Can you please answer my questions? Light meters and studio lighting

Discussion in 'Photography Beginners' Forum' started by texassand, Nov 11, 2006.

  1. texassand

    texassand TPF Noob!

    Nov 10, 2006
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    1. How large a room would I need for a studio that would be used for portraits (individual or small groups/family)? Is an 8' ceiling OK?

    2. How would I use my Canon flash with alienbees lights? From the AlienBees site, it looked like their flash units could be set to fire when another flash fires? Is this recommended?

    3. What do I need to look for in a light meter? Could someone explain how a light meter is used to balance multiple lights? Without a wireless setup, do all lights have to be connected with a sync cord? Would I need a light meter with spot metering capability?

    Thanks in advance for your suggestions.

  2. fmw

    fmw No longer a newbie, moving up!

    Sep 30, 2006
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    1. large enough to fit the subject and the equipment and to allow you to fit however much of the subject you want into the frame with a short telephoto lens.

    2. Studio strobes all have slave triggers built in. The instructions will show you how to set them up. Don't use a flash at the camera. I assume you already know that. It would be better to synch one of the strobes with a cord and then set the others up as slaves. Turn the flash unit in your camera off.

    3. We use flash meters for that purpose. A meter built into a camera won't work, nor will an ambient light meter. Most flash meters are incident, however, my old Minolta spot meter works as a reflected flash meter in addition to being an ambient light meter so there are exceptions. If you don't have a flash meter, then use the LCD screen on your camera to judge exposures for various apertures on a trial and error basis.
  3. Big Mike

    Big Mike I am Big, I am Mike Staff Member Supporting Member

    Dec 16, 2003
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    One of the main benefit of studio that they are away from the camera. On camera flash could be used for fill, but if you can use one of your studio lights or a reflector for fill, that would probably be better.

    Alien Bee lights (and a lot of others) can be fired as a master or slave. If you plug in the PC cord to a will fire when it gets the signal from the camera (directly wired or wireless)...if there is no plug in the PC socket...then the flash becomes an optical slave...and will fire when it detects another flash. Here is where you have to be careful if you are using a Canon flash on your camera. Canon flash units use E-TTL technology for metering...which means that they fire a preflash just before the actual flash...this preflash will trigger the studio lights that are not connected to a PC cord...and then they will not fire for the actual exposure. So basically you can't use a Canon flash with studio strobes...that being said...I think that if you put the Canon flash into manual will not fire the preflash...which would then be OK to trigger the studio lights.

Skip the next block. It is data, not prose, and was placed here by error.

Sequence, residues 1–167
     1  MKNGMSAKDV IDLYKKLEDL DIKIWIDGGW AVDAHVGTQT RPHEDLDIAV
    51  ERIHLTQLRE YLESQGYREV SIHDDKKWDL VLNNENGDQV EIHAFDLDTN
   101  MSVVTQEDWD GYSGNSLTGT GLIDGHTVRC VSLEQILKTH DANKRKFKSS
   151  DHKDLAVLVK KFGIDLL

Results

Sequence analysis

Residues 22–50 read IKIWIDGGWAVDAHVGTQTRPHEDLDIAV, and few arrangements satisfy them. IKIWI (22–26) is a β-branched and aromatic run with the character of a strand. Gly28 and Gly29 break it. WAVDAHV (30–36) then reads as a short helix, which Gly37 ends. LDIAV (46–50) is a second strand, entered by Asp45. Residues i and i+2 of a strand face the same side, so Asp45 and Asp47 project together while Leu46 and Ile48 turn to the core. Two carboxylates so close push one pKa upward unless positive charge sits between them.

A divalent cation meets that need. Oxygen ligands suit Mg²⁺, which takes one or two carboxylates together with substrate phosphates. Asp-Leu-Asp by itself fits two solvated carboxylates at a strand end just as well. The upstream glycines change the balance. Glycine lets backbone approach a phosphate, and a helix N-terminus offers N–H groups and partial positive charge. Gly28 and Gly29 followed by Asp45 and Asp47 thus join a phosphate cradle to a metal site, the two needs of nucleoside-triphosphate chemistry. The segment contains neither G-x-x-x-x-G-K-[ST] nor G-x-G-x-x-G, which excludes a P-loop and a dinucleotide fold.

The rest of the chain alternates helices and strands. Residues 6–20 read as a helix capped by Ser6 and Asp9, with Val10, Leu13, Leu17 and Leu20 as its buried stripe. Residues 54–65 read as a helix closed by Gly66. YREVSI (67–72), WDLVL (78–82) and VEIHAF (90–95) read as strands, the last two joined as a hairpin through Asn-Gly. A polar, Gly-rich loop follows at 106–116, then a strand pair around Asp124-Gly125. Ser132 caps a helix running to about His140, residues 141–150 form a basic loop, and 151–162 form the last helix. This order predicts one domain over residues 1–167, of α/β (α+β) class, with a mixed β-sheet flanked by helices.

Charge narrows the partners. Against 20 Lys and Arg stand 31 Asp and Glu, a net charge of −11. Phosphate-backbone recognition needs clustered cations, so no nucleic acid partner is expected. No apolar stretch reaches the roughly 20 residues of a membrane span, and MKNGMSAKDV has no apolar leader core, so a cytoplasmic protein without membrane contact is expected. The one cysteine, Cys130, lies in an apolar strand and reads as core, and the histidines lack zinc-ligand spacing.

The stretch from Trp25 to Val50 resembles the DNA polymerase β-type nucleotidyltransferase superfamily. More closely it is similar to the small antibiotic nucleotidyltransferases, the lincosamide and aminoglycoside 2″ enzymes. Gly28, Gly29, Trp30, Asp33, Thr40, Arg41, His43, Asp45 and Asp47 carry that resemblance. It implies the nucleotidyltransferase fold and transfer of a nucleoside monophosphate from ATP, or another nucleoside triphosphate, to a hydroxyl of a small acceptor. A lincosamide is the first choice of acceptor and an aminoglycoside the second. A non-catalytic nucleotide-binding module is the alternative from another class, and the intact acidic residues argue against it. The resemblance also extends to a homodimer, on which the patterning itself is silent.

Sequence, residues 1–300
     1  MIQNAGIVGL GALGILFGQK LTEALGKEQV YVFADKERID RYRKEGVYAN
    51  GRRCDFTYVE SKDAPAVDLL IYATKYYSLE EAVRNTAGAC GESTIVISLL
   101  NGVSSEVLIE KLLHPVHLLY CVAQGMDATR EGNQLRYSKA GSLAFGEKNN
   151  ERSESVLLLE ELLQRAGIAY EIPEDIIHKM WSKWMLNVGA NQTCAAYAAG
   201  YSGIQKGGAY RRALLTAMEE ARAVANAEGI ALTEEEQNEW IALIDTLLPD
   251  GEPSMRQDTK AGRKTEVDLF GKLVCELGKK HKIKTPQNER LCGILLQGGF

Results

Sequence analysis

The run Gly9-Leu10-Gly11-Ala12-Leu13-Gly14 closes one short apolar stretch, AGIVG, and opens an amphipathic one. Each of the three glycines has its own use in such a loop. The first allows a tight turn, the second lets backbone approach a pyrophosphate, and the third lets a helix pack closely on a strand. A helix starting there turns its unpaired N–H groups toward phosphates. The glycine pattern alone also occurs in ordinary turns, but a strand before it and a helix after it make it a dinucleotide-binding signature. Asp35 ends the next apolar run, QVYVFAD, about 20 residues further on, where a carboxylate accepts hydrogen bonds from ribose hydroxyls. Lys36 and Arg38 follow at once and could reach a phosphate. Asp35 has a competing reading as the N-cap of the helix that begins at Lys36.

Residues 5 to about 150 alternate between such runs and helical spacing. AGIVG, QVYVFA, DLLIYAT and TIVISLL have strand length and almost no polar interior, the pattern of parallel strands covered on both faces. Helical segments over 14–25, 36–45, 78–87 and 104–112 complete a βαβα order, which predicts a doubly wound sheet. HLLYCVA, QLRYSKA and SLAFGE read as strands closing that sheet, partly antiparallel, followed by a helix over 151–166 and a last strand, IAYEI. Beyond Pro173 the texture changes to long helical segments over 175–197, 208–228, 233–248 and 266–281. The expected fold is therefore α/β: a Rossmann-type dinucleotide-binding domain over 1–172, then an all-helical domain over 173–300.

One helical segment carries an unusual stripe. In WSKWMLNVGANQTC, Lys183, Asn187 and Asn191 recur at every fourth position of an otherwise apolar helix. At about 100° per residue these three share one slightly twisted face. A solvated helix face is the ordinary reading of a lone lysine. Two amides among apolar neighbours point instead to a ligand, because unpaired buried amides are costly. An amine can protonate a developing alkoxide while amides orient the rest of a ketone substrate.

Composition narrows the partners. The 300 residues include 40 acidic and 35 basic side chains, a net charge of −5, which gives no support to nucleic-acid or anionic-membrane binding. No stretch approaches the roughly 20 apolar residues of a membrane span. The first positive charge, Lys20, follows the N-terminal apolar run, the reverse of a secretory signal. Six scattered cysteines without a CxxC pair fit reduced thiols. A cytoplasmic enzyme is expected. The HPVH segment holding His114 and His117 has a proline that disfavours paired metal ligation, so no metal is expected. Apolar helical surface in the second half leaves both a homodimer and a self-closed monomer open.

You will need a 'flash meter'...not just a light meter. Most flash meters will also act a regular light meter as well. With digital, you could get away without using one...but it will be a lot of guess and test.
    There are plenty of good places on the Internet that can give you great tips on how to use a flash meter to meter your lights. Portrait photography involves setting up a lighting would use the meter to check each light determine your ratio...then use the meter with all the determine your shooting aperture.
  4. benhasajeep

    benhasajeep No longer a newbie, moving up!

    May 4, 2006
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    For room size an 8' ceiling can work. If its painted white like most you will get reflection off of it. Deppending on the shots you are taking you may or may not want that. Also deppends on if you have any light modifiers on your lights as well (snoots, umbrellas, etc..).

    If you find that you are getting too strong of reflection off of it. Instead of standing your subject. Pose them sitting. A couple feet can make a difference as you will also be lowering the light height. Also you may find that you can't raise your lights high enough. Again sitting the subject down will help.

    I have a Sekonic L-508 meter that does spot, incident and flash metering. I chose it as I also have cameras that have no meter. So for me the cost was worth it as it has multiple uses.

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